1. Tell us something hardly anyone knows about you.
I just got an email a couple of days ago from a lady who used to write me fan letters over 20 years ago. She told me that my books, and my replies to her emails, inspired her own writing journey, and she has just won an award and is having her first book published. What an absolute thrill to know I have helped to nurture another writer into being!
3. What is your greatest fear?
Writing is not just my career; it is my joy, obsession and escape, so my greatest fear is that something will happen to me when I get older that will stop me being able to write.
4. Describe your writing style in 10 words.
Bringing the past to life, heart-warming, humourous, exciting, relatable
5. Tell us five positive words that describe you as a writer.
Ebullient, persistent, obsessive, planner, empathetic
6. What book character would you be, and why?
What an impossible question! Well, I still feel about 11 years old inside so I think I would be a child. Maybe Milly-Molly-Mandy. She has such an enthusiasm for life and a terrific imagination – and a big, loving family.
7. If you could time travel, what year would you go to and why?
There is no simple answer to this! For my books, I have researched and written about many historical periods; I’ve even written time-slip, so I know that ‘time travel’ is not as simple as it sounds. Would I be an invisible observer or would I participate? Would I be a slave or someone wealthy or important? I’d be thrilled to see almost any historical period – except for witnessing a horrible event like a war – but I’m not sure I’d actually like to spend much time being part of any other time, except in my imagination.
8. What would your 10-year-old self say to you now?
When I was a child I adored reading, writing and drawing, went to the library every week, and had a treasured collection of books that I loved so much I read them over and over. BUT I never had the opportunity to meet an author or illustrator like so many lucky children do today. It never entered my mind that one day I could create a real book myself. It was not even a dream. So I would say: ‘I can’t believe you are actually a writer and illustrator and creating books that other children love!’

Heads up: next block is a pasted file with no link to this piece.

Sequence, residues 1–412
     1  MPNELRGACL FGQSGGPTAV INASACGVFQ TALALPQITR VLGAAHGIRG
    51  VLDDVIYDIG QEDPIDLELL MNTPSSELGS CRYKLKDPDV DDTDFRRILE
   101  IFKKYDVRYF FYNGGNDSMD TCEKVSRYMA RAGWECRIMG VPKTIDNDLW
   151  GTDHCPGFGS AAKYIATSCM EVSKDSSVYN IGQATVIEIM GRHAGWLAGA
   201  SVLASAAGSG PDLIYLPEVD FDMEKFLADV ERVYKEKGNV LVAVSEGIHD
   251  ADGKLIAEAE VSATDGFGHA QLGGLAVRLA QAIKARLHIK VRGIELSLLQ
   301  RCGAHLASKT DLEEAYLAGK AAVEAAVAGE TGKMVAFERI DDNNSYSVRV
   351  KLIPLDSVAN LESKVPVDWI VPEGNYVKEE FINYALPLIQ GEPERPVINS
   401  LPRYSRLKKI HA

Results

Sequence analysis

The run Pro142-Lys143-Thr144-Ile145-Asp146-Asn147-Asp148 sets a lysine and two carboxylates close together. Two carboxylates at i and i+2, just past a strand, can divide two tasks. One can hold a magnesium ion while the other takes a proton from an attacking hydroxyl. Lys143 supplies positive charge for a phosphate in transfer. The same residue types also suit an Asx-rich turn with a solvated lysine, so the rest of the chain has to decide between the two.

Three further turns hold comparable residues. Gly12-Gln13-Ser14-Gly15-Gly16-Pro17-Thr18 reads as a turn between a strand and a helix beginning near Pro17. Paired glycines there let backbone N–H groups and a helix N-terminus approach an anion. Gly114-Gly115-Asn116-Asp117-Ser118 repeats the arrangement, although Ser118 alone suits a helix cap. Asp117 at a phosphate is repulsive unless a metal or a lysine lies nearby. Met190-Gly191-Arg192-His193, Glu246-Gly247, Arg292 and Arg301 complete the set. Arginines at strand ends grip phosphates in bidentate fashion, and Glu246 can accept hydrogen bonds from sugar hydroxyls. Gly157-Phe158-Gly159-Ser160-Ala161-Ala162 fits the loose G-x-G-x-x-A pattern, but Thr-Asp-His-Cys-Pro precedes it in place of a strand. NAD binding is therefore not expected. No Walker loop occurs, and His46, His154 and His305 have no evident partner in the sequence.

9. Who is your greatest influence?
I was such an avid reader as a child that even then I appreciated interesting and poetic writing styles, and that influenced my own writing from a very young age. I think I am still most influenced by the authors I loved as a child. Many of them are not fashionable anymore, but they are still fabulous writers: Rumer Godden, Joyce Lankester Brisley, Noel Streatfeild, Laura Ingalls Wilder, Gerald Durrell and, more recently, Terry Pratchett. I have always admired writers who can create a believable world, strong characters, uplifting stories that pull at my heartstrings, and happy endings, so I try to create the same sort of books myself.
10. What/who made you start writing?
I have written for as far back as I remember because stories have always sprung into my head and demanded to be written. The first people to hear my stories were my two younger sisters and my parents.
11. What is your favourite word and why?
I have two favourite words – and I’ve never used either of them in a book. I love them because the sound of them expresses the things they are describing and also make me giggle. The first is ‘discombobulation’ – which means the state of being totally confused. The second is a French word ‘trottoir’ – which means footpath.
12. If you could only read one book for the rest of your life, what would it be?
Another impossible question! I think it would have to be a book that I have already read over and over because I love it. There are lots of those but I think I would choose either Daddy-Long-Legs by Jean Webster or its sequel Dear Enemy. They both touch my heart every time I read them, and feel fresh and modern even though they were written over 100 years ago. The first is the story of an orphan girl whose life is changed forever by the kindness of a stranger and the second tells what happens when she grows up and takes over the orphanage. The stories are revealed in entertaining and touching letters that really bring the characters to life.
Anna Ciddor has been fascinated by the past for as long as she can remember. It would be her dream come true to step through time! Instead, she immerses herself in research and digs out the tiniest details so she can bring the past to life in her imagination – and in her books. Anna is based in Melbourne, Australia, but her research quests have led her across the world. She has hunted for druids in Ireland, Vikings in Norway, and her grandmother’s childhood in Poland. Anna’s work has won her many accolades, including the Nance Donkin Award for Children’s Literature, a grant from the Australia Council, Notable Book awards from the Children’s Book Council of Australia, and shortlistings for numerous other awards. Some of her best-loved books include Runestone, The Family with Two Front Doors, and The Boy Who Stepped through Time. To find out more, visit annaciddor.com.